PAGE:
(This article belongs to the Special Issue Computational Methods in Wind Engineering)
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Review

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Open AccessReview Molecular Dynamics Simulation of High Density DNA Arrays
Computation 2018, 6(1), 3; doi:10.3390/computation6010003
Received: 15 December 2017 / Revised: 4 January 2018 / Accepted: 5 January 2018 / Published: 8 January 2018
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Abstract
Densely packed DNA arrays exhibit hexagonal and orthorhombic local packings, as well as a weakly first order transition between them. While we have some understanding of the interactions between DNA molecules in aqueous ionic solutions, the structural details of its ordered phases and
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Densely packed DNA arrays exhibit hexagonal and orthorhombic local packings, as well as a weakly first order transition between them. While we have some understanding of the interactions between DNA molecules in aqueous ionic solutions, the structural details of its ordered phases and the mechanism governing the respective phase transitions between them remains less well understood. Since at high DNA densities, i.e., small interaxial spacings, one can neither neglect the atomic details of the interacting macromolecular surfaces nor the atomic details of the intervening ionic solution, the atomistic resolution is a sine qua non to properly describe and analyze the interactions between DNA molecules. In fact, in order to properly understand the details of the observed osmotic equation of state, one needs to implement multiple levels of organization, spanning the range from the molecular order of DNA itself, the possible ordering of counterions, and then all the way to the induced molecular ordering of the aqueous solvent, all coupled together by electrostatic, steric, thermal and direct hydrogen-bonding interactions. Multiscale simulations therefore appear as singularly suited to connect the microscopic details of this system with its macroscopic thermodynamic behavior. We review the details of the simulation of dense atomistically resolved DNA arrays with different packing symmetries and the ensuing osmotic equation of state obtained by enclosing a DNA array in a monovalent salt and multivalent (spermidine) counterions within a solvent permeable membrane, mimicking the behavior of DNA arrays subjected to external osmotic stress. By varying the DNA density, the local packing symmetry, and the counterion type, we are able to analyze the osmotic equation of state together with the full structural characterization of the DNA subphase, the counterion distribution and the solvent structural order in terms of its different order parameters and consequently identify the most important contribution to the DNA-DNA interactions at high DNA densities. Full article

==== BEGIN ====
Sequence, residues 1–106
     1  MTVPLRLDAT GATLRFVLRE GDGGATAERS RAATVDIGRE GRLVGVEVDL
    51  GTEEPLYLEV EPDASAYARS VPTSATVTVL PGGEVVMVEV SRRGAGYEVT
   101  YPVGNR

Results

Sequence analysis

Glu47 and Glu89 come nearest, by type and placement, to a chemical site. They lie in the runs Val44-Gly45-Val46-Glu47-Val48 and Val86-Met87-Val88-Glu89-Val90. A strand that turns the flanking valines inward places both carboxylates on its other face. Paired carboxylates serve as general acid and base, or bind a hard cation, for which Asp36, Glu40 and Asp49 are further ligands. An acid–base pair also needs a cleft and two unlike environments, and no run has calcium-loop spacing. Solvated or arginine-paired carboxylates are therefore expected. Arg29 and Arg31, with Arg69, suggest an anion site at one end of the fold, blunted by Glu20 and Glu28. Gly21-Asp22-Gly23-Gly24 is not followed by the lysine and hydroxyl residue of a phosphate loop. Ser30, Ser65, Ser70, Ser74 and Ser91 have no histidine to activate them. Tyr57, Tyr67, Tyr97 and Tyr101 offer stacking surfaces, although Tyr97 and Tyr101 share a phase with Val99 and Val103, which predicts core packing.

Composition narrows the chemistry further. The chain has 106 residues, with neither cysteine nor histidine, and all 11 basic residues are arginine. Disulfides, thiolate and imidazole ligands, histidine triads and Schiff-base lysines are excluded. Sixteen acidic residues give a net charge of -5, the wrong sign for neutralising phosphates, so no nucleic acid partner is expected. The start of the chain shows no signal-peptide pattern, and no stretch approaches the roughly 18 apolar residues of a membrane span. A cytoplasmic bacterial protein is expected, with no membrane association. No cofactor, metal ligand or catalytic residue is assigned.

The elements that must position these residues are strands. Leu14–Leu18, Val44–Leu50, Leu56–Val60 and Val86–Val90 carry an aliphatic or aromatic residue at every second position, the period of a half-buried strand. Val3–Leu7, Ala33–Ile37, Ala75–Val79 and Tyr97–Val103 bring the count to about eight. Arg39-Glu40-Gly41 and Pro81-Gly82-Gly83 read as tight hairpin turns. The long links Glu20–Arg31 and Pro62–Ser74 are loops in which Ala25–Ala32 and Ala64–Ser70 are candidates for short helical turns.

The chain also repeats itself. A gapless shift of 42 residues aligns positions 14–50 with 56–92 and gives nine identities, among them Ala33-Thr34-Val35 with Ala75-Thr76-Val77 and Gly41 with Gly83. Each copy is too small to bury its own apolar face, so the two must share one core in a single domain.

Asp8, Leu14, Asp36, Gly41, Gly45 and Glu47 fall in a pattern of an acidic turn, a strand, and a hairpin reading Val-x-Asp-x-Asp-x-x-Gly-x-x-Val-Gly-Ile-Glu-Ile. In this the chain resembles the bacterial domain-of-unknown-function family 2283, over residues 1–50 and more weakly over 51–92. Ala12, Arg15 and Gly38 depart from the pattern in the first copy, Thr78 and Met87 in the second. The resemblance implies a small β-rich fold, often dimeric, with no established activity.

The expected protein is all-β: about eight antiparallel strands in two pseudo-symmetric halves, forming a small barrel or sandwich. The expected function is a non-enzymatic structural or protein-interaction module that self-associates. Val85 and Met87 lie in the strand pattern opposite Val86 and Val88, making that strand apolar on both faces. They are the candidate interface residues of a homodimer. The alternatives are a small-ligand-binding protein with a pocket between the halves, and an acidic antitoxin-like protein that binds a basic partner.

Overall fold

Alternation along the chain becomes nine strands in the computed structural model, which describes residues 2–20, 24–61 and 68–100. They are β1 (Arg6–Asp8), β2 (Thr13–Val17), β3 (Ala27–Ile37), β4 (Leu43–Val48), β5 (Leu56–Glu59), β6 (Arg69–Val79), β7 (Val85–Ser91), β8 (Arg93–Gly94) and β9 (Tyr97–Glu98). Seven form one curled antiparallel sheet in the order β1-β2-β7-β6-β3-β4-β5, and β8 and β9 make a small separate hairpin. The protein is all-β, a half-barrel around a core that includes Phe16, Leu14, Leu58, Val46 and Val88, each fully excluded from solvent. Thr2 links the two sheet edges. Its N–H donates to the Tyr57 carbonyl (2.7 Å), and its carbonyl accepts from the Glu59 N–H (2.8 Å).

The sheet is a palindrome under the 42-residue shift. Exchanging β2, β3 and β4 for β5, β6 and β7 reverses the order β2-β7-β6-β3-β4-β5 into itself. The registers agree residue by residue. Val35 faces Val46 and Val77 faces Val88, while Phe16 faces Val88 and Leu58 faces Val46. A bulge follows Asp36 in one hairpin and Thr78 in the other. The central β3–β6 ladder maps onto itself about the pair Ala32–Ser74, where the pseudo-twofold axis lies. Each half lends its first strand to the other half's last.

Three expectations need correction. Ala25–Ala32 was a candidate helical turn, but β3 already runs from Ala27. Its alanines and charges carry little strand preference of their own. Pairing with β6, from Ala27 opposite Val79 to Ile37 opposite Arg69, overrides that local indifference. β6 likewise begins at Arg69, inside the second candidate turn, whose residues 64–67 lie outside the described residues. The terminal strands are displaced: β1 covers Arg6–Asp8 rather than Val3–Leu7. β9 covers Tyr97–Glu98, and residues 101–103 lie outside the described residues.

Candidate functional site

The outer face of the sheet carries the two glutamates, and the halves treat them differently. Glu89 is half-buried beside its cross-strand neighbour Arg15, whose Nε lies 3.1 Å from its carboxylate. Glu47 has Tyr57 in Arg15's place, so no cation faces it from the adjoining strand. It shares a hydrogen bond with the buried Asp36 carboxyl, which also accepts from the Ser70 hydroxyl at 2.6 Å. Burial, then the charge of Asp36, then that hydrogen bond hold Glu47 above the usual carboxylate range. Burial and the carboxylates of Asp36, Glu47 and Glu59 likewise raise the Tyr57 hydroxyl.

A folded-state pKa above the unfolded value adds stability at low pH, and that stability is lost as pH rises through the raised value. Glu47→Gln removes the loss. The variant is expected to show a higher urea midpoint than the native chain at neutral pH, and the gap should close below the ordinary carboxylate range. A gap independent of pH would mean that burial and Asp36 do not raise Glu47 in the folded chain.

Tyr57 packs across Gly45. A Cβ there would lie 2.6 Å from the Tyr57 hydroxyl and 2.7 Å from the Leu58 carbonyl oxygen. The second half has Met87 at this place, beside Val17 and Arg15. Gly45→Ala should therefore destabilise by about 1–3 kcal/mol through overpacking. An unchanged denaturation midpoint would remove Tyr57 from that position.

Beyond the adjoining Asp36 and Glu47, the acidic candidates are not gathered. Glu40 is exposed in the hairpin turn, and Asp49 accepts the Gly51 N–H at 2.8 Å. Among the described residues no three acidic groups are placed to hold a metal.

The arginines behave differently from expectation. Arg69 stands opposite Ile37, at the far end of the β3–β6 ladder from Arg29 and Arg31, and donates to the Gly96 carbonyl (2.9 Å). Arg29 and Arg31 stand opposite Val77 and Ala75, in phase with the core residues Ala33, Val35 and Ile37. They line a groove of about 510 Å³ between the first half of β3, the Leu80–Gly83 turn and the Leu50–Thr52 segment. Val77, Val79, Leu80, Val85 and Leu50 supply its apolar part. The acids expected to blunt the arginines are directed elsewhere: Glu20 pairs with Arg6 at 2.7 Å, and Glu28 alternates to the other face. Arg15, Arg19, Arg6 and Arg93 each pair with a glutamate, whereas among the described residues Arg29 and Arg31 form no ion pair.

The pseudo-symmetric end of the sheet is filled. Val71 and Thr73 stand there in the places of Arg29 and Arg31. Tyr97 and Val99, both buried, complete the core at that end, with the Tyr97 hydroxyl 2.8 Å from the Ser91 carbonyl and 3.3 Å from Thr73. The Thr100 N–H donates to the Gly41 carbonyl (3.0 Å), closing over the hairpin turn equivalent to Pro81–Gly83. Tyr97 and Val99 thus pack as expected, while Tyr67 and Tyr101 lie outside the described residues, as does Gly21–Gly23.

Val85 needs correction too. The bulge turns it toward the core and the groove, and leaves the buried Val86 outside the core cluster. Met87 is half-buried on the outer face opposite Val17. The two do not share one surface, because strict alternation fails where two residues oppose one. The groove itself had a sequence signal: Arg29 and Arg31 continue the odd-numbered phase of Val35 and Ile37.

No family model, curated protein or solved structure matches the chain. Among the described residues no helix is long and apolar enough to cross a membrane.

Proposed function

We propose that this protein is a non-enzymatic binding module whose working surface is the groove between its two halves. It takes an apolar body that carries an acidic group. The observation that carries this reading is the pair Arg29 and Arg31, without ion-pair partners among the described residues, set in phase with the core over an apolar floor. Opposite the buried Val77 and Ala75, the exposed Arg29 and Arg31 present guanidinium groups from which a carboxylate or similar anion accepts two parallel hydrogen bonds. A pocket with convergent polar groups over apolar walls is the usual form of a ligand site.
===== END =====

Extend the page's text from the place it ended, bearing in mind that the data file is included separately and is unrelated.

(This article belongs to the Special Issue Computation in Molecular Modeling)